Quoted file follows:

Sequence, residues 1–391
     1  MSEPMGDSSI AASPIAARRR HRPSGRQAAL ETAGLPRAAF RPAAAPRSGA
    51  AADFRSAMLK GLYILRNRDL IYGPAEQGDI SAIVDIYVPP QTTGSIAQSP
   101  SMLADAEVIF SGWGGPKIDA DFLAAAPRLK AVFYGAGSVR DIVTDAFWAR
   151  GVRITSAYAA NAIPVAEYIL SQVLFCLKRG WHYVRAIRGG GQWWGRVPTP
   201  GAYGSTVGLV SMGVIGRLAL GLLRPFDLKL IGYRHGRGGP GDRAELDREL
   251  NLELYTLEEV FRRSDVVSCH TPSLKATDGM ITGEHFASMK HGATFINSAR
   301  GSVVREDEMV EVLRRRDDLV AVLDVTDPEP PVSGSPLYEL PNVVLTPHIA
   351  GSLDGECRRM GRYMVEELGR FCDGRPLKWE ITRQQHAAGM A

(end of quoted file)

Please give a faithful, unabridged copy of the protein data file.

Sequence, residues 1–391
     1  MSEPMGDSSI AASPIAARRR HRPSGRQAAL ETAGLPRAAF RPAAAPRSGA
    51  AADFRSAMLK GLYILRNRDL IYGPAEQGDI SAIVDIYVPP QTTGSIAQSP
   101  SMLADAEVIF SGWGGPKIDA DFLAAAPRLK AVFYGAGSVR DIVTDAFWAR
   151  GVRITSAYAA NAIPVAEYIL SQVLFCLKRG WHYVRAIRGG GQWWGRVPTP
   201  GAYGSTVGLV SMGVIGRLAL GLLRPFDLKL IGYRHGRGGP GDRAELDREL
   251  NLELYTLEEV FRRSDVVSCH TPSLKATDGM ITGEHFASMK HGATFINSAR
   301  GSVVREDEMV EVLRRRDDLV AVLDVTDPEP PVSGSPLYEL PNVVLTPHIA
   351  GSLDGECRRM GRYMVEELGR FCDGRPLKWE ITRQQHAAGM A